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Hi Folks, 

 

I’ve recently started using a water distiller and was wondering what other people’s experiences have been? 
 

I’m finding the water tastes like kettle water, once its cooled down. Or the taste of drinking water from the hot tap. 
 

I’m just wondering if that’s a normal aftertaste ? (Obviously that would make sense considering the whole machine is like a giant kettle). 

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I used to drink distilled regularly at one time ,  I still think it's the best , reverse osmosis is very close second .... As for taste , if it's true distilled it shouldn't have one , but you may perceive that it does because  you are used to normal water and it's a change , you notice the change and perceive that as a taste ...

 

What is taste or smell ? it's chemicals activating receptor sites in tonged of nose , but there should be zero chemicals in pure water , so it can't have a taste ...

 

So it could be you just need to get used to it ...

 

or alternatively it really does have a taste (is very mildly contaminated) ... If a new machine the heating element could be giving something off , after a few runs this will go and taste should be gone ...another possibility is volatiles in feed water , which pass over with the steam  unlikely ...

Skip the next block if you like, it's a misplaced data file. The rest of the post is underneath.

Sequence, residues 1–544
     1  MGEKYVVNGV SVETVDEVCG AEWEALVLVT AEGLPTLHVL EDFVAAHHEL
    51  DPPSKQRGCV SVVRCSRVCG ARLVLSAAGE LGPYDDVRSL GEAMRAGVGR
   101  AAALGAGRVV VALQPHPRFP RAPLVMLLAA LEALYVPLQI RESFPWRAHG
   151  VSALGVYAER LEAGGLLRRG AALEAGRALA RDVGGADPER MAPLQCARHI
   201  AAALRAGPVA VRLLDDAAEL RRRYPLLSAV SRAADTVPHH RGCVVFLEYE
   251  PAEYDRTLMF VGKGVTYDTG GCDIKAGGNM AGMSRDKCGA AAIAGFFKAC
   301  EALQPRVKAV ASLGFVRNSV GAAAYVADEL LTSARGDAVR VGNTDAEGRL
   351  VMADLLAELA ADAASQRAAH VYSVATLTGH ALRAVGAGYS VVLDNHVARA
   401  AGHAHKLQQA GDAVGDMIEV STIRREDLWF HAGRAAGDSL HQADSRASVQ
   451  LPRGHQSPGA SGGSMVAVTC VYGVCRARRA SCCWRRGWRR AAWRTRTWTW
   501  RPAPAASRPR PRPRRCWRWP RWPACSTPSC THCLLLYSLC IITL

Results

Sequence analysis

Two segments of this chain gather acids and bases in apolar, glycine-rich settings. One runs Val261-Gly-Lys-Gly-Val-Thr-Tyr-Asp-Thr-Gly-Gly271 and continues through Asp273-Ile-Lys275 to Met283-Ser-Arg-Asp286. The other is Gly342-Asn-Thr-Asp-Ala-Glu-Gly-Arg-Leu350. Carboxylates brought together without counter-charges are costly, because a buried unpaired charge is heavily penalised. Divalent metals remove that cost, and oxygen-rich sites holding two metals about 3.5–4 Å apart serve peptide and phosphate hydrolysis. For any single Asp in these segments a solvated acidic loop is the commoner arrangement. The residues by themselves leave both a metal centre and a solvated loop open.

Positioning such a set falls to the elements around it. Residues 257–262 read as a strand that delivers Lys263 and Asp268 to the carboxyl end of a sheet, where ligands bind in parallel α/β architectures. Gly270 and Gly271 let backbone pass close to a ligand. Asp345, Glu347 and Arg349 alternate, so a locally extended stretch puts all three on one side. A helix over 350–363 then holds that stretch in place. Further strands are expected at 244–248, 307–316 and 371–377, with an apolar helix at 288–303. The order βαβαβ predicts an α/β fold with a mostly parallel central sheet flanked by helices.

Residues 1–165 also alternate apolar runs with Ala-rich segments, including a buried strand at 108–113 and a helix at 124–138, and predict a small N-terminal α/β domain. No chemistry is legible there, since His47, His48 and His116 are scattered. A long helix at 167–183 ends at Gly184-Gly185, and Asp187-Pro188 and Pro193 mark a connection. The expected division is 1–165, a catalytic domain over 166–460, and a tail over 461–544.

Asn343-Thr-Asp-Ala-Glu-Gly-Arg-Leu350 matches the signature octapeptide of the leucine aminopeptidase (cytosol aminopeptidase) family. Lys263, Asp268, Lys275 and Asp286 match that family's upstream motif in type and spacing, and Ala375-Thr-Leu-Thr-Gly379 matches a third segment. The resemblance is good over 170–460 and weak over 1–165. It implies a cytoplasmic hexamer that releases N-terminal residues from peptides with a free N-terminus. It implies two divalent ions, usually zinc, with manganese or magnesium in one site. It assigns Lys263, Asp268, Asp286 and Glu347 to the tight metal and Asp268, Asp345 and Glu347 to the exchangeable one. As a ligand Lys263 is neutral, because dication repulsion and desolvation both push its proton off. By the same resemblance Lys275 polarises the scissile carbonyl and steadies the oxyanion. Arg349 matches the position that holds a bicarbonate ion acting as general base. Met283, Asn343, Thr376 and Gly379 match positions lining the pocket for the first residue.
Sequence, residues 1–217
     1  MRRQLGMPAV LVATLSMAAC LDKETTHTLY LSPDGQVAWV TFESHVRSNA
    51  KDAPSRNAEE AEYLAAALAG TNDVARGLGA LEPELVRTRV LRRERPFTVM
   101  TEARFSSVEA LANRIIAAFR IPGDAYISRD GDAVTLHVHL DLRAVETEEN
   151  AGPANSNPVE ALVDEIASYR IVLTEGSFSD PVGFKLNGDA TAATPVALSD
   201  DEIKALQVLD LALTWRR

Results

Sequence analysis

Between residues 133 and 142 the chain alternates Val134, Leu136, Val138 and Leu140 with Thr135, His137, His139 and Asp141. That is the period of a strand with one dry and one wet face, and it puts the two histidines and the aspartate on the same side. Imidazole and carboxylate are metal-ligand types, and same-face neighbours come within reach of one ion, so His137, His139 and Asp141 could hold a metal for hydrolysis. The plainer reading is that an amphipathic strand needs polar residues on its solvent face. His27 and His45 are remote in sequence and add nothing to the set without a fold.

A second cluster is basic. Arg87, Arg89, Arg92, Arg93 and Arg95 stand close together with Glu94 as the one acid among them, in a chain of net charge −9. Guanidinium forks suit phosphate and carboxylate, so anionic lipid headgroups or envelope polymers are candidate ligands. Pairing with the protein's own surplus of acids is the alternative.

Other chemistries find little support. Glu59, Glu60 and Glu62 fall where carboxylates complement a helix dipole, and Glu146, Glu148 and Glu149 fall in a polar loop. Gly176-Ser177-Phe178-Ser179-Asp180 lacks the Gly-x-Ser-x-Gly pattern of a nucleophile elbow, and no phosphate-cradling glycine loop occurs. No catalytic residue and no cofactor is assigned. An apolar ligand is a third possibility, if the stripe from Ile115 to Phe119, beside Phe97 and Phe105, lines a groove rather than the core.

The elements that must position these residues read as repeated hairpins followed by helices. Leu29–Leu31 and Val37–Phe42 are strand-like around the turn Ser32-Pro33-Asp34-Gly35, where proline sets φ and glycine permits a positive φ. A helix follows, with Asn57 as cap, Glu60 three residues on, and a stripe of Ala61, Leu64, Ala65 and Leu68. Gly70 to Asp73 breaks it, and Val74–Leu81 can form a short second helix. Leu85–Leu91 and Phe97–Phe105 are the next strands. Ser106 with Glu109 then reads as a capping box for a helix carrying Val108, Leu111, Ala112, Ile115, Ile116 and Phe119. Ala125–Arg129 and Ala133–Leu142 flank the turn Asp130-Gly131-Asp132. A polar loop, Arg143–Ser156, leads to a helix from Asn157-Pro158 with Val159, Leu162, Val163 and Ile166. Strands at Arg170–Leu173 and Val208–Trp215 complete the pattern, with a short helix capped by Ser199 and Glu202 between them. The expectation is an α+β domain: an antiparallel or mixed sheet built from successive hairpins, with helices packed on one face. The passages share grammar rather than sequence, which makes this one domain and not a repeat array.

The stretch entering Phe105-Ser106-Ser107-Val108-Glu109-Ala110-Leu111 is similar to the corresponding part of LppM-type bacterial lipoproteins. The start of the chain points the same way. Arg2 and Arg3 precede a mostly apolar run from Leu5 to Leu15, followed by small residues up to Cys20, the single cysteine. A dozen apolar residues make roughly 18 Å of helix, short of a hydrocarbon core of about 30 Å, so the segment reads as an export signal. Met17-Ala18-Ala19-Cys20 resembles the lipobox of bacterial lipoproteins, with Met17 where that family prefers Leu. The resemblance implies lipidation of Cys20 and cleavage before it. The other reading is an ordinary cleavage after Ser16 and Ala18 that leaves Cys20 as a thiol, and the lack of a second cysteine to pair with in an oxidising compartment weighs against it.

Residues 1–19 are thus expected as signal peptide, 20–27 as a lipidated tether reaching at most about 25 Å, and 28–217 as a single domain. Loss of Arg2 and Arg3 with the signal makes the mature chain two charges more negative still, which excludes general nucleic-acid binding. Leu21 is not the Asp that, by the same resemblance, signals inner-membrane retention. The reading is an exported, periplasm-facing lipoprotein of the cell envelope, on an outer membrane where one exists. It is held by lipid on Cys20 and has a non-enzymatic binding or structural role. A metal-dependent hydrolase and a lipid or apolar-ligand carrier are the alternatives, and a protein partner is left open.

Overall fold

One type of distiller I used had a small charcoal bag and the water dripped through this after distillation , this will remove everything , I guess the manufacturer was worried about chlorine passing over with the steam , which will happen if feed water is chlorinated.

 

Did you make it or buy one ? if I saw the model I might have more thoughts... 

 

Edit ... just checked ebay , they sell these small charcoal bags for distillers , same size as tea bags 

 

s-l225.webp

 

If your water drips through one of these after distillation it will be guaranteed 100% pure 

Edited by oz93666
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Hi to you both - I use a distiller too - have done for around 15 years. its the standard electric 4 litre type with the coiled stainless steel pipe at the top which drips water onto the charcoal teabag like filter to remove an residual volatiles. I use  glass collector too and not the plastic type.